The task facing the artist was to show things that were paradoxical in their obviousness. The numerous intrusive slogans which hung here, there and everywhere, appearing in the most unexpected places, were understood by Soviet citizens as an integral, even essential part of a landscape littered with ideology and signs of power; that is, they passed practically unnoticed, and even less where they consciously included in a cultural context. In a paradoxical way, their portrayal in a painting was taken almost as a heresy. The red letters, reproduced with absolute precision, without any anecdotal commentary or attempt to exalt or debase, could be treated in two ways: either as apologetics, unthinkable in the time of stagnation and thus extremely cynical, or as a piece of hidden mockery. Reason automatically chose the second interpretation, if only because the first was simply unbelievable in the cynical time of stagnation. The content of Bulatov's picture was automatically taken as being anti¬Soviet. The criticism was in the subject itself, because the artist had made the obvious explicit. The picture demonstrates the absurdity of the very existence of these enormous, dazzling letters, while the contrast in logic and colour with the eternal, natural blue of the sky merely underlined the absurdity of the subject.
    "My constant theme is the consciousness of contemporary people, which I have tried to portray not through the terrible or the wonderful, but through the everyday and the mundane.The contemporary consciousness defines what is considered self-evident, absolutely natural... the space of our lives was completely deformed by ideology, and this was understood by our consciousness as the norm, because that was how it had always been. And it was the abnormality of this normality that I wanted to show.
    "The system could not withstand tests of its durability, and the attempt to analyse its symbols of faith led only to self-debunking, followed not long afterwards by dismantling. It was enough to treat the slogan entirely seriously, to position it on the flat surface of a picture, to place it against the background of the sky, for the sense of the slogan to disappear, and with it its ability to manipulate minds, to agitate, to influence and pervert. Although Bulatov is entirely without irony, his works are close to Sots Art in the way that the artist works with propagandistic myths, ideological advertisements and the sense of the global babble of everything around. But Bulatov goes further than Sots Art, for he is interested not just in the surrounding reality and its political and social manifestations, but also in what lies beyond the boundaries of this artificial life – eternity itself. Today, when the bitterness of social contradiction has long since mellowed, a new generation has appeared for whom the slogan has a mysterious sound, but ‘it may be that in some sense it has become clearer for the audience. Because at that time the slogan itself was so aggressive and provocative, that it was the only thing the viewer could perceive. But what I was doing with it remained outside the field of people's vision, and when I tried to talk about the problems that worried me, people thought it was just waffle.'The content of the picture is much broader than the relationship of the individual and the totalitarian system. ‘Of course, the social space cannot be the space of freedom, however remarkable that may be. But at that time we thought we knew exactly where all the evil of the world could be found. And this clarity of position was in some sense a blessing – there was no feeling of bewilderment; and we were right, too – perhaps not about all the evil of the world, but that there was evil, without doubt.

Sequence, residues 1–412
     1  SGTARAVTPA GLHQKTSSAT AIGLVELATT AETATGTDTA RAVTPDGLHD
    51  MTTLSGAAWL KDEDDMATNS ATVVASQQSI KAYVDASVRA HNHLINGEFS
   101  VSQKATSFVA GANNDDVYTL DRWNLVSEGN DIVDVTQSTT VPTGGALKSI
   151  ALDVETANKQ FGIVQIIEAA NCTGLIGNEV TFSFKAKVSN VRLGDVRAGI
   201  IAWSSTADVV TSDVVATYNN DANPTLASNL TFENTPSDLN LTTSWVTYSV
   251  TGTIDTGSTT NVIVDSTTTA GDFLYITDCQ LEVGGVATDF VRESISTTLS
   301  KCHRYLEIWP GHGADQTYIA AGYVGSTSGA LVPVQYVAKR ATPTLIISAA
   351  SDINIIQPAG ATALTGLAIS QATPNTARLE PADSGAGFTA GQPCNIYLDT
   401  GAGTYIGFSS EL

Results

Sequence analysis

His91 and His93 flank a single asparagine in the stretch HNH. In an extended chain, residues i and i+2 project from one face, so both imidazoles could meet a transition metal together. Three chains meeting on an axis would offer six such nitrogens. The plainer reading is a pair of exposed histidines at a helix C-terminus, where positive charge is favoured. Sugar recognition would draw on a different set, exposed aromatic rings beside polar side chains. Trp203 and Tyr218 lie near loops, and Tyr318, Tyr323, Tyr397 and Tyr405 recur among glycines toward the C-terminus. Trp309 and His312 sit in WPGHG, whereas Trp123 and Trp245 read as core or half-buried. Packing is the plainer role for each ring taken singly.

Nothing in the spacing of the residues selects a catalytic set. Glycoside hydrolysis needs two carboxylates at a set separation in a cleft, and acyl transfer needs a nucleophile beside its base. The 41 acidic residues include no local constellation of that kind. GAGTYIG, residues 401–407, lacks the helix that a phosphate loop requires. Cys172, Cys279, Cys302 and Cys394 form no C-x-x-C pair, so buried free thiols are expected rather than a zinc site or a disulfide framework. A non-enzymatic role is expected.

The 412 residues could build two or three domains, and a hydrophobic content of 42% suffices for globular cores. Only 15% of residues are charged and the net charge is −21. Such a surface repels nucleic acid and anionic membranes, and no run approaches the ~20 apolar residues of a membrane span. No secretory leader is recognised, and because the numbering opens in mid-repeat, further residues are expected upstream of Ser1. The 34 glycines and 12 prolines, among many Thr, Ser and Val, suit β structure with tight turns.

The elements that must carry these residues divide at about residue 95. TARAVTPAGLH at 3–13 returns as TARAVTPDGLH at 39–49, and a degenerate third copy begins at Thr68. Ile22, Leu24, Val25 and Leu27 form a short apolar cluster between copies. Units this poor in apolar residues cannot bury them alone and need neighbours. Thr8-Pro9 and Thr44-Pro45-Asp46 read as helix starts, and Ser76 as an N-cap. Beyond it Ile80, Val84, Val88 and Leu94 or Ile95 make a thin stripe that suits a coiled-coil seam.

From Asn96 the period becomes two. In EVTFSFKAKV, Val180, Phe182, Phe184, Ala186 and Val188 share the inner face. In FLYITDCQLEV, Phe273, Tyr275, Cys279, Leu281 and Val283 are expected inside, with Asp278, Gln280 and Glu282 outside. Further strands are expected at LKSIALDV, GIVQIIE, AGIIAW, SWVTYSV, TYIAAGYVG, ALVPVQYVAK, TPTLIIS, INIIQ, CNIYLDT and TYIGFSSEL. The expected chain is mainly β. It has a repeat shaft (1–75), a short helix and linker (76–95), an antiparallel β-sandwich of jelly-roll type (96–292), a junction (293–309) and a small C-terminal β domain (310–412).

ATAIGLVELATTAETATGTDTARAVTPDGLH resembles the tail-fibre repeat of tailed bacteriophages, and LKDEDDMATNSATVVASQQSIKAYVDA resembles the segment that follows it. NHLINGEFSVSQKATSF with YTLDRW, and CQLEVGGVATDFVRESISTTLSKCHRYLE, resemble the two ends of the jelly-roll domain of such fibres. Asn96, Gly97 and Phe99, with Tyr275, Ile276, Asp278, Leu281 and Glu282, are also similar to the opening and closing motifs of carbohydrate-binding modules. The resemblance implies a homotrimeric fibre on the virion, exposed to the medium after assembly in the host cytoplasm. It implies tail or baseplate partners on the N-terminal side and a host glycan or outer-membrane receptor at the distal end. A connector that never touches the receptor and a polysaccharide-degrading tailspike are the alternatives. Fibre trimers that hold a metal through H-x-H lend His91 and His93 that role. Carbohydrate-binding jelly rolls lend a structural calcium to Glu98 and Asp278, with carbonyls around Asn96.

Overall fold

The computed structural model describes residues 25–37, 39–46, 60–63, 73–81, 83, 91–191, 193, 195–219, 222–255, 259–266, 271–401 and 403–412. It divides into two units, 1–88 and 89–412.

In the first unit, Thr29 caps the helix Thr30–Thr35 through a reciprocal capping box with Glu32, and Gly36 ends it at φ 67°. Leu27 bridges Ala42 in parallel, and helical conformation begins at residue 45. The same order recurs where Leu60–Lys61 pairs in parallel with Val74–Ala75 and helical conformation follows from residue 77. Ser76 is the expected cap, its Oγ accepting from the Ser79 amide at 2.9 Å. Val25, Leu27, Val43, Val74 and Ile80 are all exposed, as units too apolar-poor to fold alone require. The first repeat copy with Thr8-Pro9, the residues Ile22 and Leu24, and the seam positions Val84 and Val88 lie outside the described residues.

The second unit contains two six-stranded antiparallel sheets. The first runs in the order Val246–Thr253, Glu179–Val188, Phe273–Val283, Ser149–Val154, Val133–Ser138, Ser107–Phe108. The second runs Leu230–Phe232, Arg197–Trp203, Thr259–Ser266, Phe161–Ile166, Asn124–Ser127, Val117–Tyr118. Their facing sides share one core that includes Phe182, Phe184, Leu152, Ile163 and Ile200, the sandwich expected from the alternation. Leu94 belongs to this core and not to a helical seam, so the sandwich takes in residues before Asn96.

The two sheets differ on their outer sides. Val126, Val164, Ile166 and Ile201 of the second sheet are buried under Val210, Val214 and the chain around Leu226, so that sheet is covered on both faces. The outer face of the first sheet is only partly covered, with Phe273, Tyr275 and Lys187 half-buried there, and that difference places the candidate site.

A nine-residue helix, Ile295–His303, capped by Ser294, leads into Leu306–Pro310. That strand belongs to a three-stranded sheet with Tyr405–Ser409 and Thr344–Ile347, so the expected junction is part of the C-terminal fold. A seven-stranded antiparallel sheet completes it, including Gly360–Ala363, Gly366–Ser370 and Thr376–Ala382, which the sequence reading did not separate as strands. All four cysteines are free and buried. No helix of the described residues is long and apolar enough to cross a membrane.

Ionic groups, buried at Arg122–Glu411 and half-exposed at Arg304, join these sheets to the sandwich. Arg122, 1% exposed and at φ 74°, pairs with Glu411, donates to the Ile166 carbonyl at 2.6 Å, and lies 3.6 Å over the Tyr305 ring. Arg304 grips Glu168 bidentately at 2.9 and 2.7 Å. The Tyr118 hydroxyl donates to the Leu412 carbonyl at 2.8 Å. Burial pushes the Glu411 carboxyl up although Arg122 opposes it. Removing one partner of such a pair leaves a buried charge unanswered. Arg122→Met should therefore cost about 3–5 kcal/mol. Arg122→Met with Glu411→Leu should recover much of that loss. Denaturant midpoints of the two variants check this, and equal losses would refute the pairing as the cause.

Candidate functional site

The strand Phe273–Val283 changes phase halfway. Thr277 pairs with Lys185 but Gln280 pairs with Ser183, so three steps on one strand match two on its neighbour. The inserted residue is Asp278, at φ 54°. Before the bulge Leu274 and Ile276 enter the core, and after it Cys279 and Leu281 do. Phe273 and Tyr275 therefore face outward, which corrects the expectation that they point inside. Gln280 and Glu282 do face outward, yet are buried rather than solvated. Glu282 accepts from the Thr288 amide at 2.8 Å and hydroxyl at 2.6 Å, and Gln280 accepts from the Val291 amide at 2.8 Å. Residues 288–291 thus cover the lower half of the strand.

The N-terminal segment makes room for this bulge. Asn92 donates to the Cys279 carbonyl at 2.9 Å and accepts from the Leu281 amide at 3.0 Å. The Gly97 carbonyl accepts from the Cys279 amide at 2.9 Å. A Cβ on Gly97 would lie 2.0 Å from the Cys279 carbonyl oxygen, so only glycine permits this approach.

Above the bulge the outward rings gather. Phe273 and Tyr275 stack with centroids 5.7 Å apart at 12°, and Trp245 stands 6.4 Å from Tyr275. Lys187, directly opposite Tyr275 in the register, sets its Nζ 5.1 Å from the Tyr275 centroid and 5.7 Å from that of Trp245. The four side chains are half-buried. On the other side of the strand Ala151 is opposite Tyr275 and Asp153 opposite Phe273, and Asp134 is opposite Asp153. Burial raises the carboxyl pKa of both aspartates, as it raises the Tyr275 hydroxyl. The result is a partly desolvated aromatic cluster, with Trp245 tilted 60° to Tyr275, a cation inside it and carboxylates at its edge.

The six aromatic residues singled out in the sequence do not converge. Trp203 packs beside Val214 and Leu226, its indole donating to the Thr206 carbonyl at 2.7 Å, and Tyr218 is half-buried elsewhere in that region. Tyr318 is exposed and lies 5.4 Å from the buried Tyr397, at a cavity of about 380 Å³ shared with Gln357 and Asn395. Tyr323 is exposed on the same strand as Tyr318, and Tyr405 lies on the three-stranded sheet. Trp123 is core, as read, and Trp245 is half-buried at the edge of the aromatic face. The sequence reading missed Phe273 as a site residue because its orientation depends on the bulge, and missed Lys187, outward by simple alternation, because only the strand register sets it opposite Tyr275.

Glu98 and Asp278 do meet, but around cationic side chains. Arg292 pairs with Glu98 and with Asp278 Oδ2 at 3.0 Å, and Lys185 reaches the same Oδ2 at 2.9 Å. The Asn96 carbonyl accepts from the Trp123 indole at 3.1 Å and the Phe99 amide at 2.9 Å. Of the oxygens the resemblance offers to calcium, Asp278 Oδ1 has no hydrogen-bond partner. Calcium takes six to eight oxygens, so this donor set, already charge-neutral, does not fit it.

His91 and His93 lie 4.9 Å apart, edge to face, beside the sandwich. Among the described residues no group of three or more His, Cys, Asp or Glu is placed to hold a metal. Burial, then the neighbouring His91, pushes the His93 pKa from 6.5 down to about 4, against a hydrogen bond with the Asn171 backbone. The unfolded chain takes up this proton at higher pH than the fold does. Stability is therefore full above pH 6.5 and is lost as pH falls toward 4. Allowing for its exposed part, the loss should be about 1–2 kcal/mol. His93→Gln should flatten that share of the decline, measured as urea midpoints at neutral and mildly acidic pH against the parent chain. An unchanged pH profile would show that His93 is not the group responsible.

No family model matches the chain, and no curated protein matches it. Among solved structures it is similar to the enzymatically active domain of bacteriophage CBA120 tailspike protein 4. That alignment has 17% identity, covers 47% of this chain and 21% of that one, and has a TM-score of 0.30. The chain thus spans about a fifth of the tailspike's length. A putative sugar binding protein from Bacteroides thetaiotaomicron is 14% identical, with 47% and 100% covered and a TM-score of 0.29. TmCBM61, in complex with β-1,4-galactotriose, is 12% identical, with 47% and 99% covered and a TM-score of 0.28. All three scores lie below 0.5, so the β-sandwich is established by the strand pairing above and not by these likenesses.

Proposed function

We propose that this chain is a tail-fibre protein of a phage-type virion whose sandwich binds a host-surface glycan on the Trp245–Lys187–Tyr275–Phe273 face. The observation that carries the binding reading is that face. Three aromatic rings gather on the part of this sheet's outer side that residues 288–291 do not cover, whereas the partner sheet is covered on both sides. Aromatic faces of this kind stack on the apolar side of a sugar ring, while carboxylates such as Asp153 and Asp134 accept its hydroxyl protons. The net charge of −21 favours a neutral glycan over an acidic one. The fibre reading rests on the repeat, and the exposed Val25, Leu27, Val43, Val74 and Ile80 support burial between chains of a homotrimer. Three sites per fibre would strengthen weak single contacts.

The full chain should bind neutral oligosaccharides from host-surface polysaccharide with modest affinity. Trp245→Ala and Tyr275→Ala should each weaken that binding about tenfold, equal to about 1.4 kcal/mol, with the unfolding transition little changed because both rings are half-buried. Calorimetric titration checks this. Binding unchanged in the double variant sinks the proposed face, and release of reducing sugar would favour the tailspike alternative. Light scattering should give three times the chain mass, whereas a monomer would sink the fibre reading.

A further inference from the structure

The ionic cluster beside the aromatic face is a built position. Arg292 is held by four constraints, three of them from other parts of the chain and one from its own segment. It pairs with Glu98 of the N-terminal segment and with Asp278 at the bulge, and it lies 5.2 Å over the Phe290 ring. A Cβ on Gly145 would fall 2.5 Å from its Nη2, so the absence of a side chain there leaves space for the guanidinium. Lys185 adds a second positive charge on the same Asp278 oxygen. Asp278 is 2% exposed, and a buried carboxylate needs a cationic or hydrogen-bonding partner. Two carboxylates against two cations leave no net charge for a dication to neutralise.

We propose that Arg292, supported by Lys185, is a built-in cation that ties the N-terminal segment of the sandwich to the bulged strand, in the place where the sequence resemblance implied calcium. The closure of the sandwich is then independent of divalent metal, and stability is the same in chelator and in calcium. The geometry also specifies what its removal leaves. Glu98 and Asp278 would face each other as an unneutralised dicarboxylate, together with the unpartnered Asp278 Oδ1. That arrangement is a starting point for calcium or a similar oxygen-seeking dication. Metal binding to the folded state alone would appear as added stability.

Well-versed in the possibilities of the traditional classical form of the picture and with a virtuosic painting technique, Bulatov reveals these gifts in a work which at first glance is reminiscent of a primitive poster; with great care he creates an illusory landscape, with the letters bearing down on the flat surface.
    An author's copy of this painting was specially created for a solo exhibition at the Tretyakov Gallery in 2006.
    Faina Balakhovskaya


Glory to the CPSU

Oil on canvas.
229.5 x 229 cm. (90 3/8 x 90 1/8 in).
Signed twice, titled and dated ‘Eric Bulatov E.V.BULATOV GLORY TO CPSU 1975 [in Cyrillic]’ on the reverse.

£500,000 - 700,000 ‡ ♠

Sold for £1,084,500

Important Contemporary Russian Art–Property from a Foundation

28 Feb 2008, 6pm